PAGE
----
Why did Jesus have to die?
That's why Jesus 'had' to die. Because until the moment of his death, there was the possibility of him changing his mind. In fact, even when he was on the cross, he was tempted him to do just that. "Come down from the cross, save yourself, then we'll believe you".
So the question quickly morphs into this one:
What choice was so important that it had to be validated by death?
Now at the heart of love is the freedom to choose. Paul writes that 'love does not insist on it's own way'. And we see that built into the heart of creation - God puts us in a garden in which there are two trees; one leads to life, the other to death. Like any loving Father, he gives boundaries, clearly stating the consequence of each choice, but then, out of love, gives the power to choose.
First Adam (the Bible's description for mankind) is tempted by Satan to become like God in attributes as well as character. Always impressed by power, reach and knowledge, the enemy thinks we will be too and tempts mankind to be like God in areas of His knowledge. He was right. In a garden, First Adam grasped at what wasn't his, at what he didn't need and in so doing, broke relationship with God. Previously everything we needed came from God, he gladly supplied it, not to control, but to bless. Now, we have all the needs that we had before, but we can't receive what we need from God. We will have to work for them, making do with paltry substitutes; security instead of peace, entertainment instead of joy, pleasure instead of fulfilment, living instead of life.
And because we have handed over the power we received to the enemy, he has authority to act directly against us, enslaving us, blinding us to the real situation, creating a worldview that thinks these substitutes are the real thing, that our dissatisfaction can be overcome by acquiring more of them. So we live in a world where death is all around, creating pain, suffering, disease and every evil thing.
God knew at the outset that this was a possibility, that mankind, against all reason, might choose the way of death. Of course, one of the lies the enemy has sown is that it was inevitable. That it was impossible for mankind to always live in perfect relationship with God. that somehow the fall was built into the fabric of creation and that rather than being our choice, our responsibility, it is in some way God's fault. First Adam took the same view "The woman you gave me, she did it"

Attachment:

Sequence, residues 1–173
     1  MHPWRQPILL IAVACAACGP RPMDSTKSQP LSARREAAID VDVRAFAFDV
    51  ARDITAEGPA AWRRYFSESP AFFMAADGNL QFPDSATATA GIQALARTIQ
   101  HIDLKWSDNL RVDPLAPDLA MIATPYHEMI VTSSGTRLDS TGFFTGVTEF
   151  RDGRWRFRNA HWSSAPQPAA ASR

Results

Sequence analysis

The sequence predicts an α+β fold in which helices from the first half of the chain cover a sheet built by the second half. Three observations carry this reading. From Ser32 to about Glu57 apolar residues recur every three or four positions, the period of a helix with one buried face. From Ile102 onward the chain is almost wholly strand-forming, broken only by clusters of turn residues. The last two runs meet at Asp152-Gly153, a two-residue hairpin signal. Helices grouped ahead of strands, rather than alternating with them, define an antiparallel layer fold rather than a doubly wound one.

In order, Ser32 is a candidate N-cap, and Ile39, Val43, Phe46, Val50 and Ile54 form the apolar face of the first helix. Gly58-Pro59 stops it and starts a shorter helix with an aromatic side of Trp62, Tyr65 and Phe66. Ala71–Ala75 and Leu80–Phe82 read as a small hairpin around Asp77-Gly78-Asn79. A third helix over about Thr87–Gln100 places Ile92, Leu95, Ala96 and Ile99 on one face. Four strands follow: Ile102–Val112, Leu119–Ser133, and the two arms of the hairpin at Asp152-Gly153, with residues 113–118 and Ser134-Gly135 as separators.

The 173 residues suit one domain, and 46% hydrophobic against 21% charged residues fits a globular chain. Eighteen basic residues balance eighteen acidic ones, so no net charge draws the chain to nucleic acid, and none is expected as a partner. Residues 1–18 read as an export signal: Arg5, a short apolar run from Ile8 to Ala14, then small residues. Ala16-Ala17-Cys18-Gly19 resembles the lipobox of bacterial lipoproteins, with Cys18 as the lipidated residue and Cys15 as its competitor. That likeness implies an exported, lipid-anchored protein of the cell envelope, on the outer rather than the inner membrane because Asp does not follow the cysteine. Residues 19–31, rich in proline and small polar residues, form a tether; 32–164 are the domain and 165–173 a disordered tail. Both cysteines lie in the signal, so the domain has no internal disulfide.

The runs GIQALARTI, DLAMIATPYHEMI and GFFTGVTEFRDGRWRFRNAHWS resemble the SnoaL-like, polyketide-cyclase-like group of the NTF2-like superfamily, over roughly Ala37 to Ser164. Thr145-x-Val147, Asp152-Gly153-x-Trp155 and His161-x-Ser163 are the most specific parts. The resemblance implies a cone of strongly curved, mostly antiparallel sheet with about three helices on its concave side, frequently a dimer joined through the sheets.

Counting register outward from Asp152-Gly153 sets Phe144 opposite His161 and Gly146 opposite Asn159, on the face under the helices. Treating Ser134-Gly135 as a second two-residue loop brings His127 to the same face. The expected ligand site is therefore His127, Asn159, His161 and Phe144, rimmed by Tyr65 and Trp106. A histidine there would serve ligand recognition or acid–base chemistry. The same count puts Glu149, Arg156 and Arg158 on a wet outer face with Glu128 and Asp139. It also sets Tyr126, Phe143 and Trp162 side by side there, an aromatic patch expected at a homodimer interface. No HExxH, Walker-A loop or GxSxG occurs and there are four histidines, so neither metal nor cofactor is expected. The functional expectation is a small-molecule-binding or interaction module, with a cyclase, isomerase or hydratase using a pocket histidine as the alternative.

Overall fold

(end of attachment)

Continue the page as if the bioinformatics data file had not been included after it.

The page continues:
Talk about tough choices. Knowing in principle the pain and awful suffering it would cause, God's considered view was that the joy of us living in perfect relationship with him and each other was worth the potential pain. Even when the rescue plan included coming in person and bearing the consequences himself. More than that, He believed that in the end, when all things were concluded, we would freely agree.
In Genesis 1:2 it talks about the 'spirit of God brooding' John puts it like this in his gospel 'In the beginning was the conversation'. From the outset, God counted the cost, evaluated the options and chose to commit to creation. It's the equivalent of making the call to the dentist. The plan is in place should it be needed.
The plan is for a new Adam to come and reverse the effects of First Adam's choices. But how does that work?
Not like God in attributes
Like God in character
Falls to temptation
Grasps at equality with God
Looks like they keep living
But the consequence isdeath
Like God in attributes
Like God in character
Does not grasp
Empties himself of all the attributes
Looks like death won
But the consequence is life
And in that garden, the commitment made in Genesis must be turned into reality. That which seemed worth it in theory must now be re-evaluated in the face of it's actuality. Jesus sweats blood over the choice. No temptation ever greater. No question harder to answer.
Are these people worth it? Worth the unbearable agony, the crushing pain of sickness, disease, hatred and death? Worth the outrage, the wrath of God, poured out on glib humanity through this representative? Are we worth it? Are you worth it?
In the midst of that agony, the mob arrives and Judas kisses him. Jesus looks beyond the crowd, beyond the cross and looks into your eyes. Your fallen, broken, sinful, hopeful, downtrodden, exalted eyes and decides. Holding out his arms, almighty God chooses. For the joy that was set before him, he endured the cross. The joy of breaking open a way for you and him to be in eternal loving relationship, starting now.
And in dying, the choice is forever sealed. It cannot be revoked, that's why he had to die. Even in the face of death, Last Adam persisted in identifying with humanity,being like God intended, demonstrating that it was possible. And by that, simultaneously judging the sinful choice of First Adam and at the same time, undoing it.
Wow! What does that mean for me?
And when we finally die, those choices are sealed, irrevocable and God gives us what we have chosen. Unfettered relationship with him and all who love him; life for ever, in all it's glory and wonder. life without death or any of the symptoms of death.
Just as it was for Jesus, this is not a casual choice, nor a one off choice. It is a deliberate, blood-sweating choice that needs to be made day by, day, moment by moment, until you die.
Is he worth it? Is Jesus worth the abandoning of everything the world says is valuable?
Now you've heard it too....